After my latest run in the BtoB techie company I began to ponder the differences in customer experience in BtoB and B2C companies? Why there is such a clear distinction in adopting the customer-centric mindset? After all, customer is the king (and queen) in both channels.
Very often executives as me in my latest position found themselves delving into the competitive advantages of building a more customer-centric service and strategy focusing on interactions between the buyer and their end consumer. However, later I realized as more and more executives that developing B2B customer-experience strategies is just as simple as in B2C world although much more invigorating.
The amount of data a company can get from its service/product end consumers (B2C) is huge and small dive into that sea already gives a good indication where to aim. In other words, there is more data to process from far more sources, and this data needs to be integrated with existing customer account data. The ability to combine customer relationship management (CRM) system data with financials, ERP and inventory management, as well as real-time data on social platforms, can be challenging, but rewarding. In case of B2B the principle is exactly the same, but the data sources often very different.
This leads me into the next challenge; how to get the data from the potential buyer if the relationship has not been formed yet? The data the potential buyer has is valuable, just as the data the retail stores have from their end consumers buying behaviour. The trick is that the data is collected from the end consumers buying behaviour and only partly can give you advice how to approach the buyer itself.
Clearly, inviting the B2B king (or queen) into the meeting table makes it easier to understand their needs — and eventually please them with your offer presuming you can provide some added value for them. My experience is the negotiation techniques and tactics are very important as you have to find an opportunity gap from buyers business and a way how your product/service can fill this gap and bring added value for the company.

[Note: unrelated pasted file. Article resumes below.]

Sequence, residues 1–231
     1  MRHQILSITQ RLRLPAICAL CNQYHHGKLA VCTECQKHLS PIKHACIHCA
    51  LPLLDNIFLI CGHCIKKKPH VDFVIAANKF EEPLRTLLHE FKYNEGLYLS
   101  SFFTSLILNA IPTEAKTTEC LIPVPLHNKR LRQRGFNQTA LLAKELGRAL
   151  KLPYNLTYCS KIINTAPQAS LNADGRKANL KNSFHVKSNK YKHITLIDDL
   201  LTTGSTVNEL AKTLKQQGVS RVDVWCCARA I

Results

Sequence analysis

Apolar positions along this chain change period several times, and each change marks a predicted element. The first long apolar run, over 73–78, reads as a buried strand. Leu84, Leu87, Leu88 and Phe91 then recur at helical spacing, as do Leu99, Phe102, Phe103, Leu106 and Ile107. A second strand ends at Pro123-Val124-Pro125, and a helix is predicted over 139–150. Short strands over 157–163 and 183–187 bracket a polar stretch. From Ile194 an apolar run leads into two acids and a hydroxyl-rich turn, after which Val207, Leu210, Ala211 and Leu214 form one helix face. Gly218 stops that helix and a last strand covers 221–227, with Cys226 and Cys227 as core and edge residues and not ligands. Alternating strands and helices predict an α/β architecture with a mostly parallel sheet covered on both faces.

Often the plurality of buyer’s stakeholders creates complex buying behaviours. The key is the added value – something which does not cost you a dime, can be worth much more for the buyer. One has to understand the price is not the issue you are discussing; it’s the total package of different services, data, non-physical support, adaptation you can provide to the buyer. Buyer can see those little pieces of support much more valuable than the price premium and lead into a better consumer experience.
This is why it is crucial to understand the B2B purchases stem from rational decisions from the buyers point of view – not from the end consumers point of view.
Customer experience in Business-to-Business includes a pleasant, professional, helpful interaction with the organization/company representatives. This often is neglected and covered with a competition who can use more industry specific terms and vocabulary. It however is not the key; the key is the buyer understands what one is offering and the added value of it.
The generally positive feeling about the overall experience with that organization/company and everything associated with it is important. One has many opportunities to fill the discussion with the terms and technological knowledge later as the process normally takes from 6 to 12 months. However, one should be selling the end result not the way one gets to the end result.
Often when discussing with Techies the discussion turns into User Experience (UX) instead of Consumer Experience (CX). It is imperative to understand UX deals with the people interacting with your product/service. CX in contrast, encompasses all the interactions a person has with your brand. In essence, UX is part of a broader CX, but CX contains some aspects outside of a product that UX does not.
It can work in reverse, as well. One might have the best advertising, brand recognition, sales team, customer service representatives, and organizational structure (all CX-related items), but if customers’ interactions with your website, mobile app, software or other product (all UX-related items) create barriers to completion of the desired tasks, overall CX fails.
You can see how UX is really a component of CX, and each play an important role in the overall success of a product/service, the reputation of your brand, and customers’ loyalty to your brand. If you fail in fulfilling either one the other will fail too.
This is where I will leave you to clarify your mind after just a few words of CX and B2B. In the next part I will concentrate more on the original topic; Customer Experience and B2B.
The writer has started his career in a variety of roles relating to brands, marketing and sales, later strategies and larger brand migrations. Travel retail and FMCG business globally and business development in small and large companies are also part of his repertoire. In service industry; he has been a strategic management team member, international sales champion and marketing guru mainly due to his creative and innovative approach to the industry and life. He is confident presenter and been e.g. in Slush presenting the winning pitch in the Elisa (international Telco operator) IoT Challenge competition (https://youtu.be/fiN7KRStPbw). The writer has also extensive knowledge and experience of business in the Nordic’s, the Baltic’s, China and South East Asia.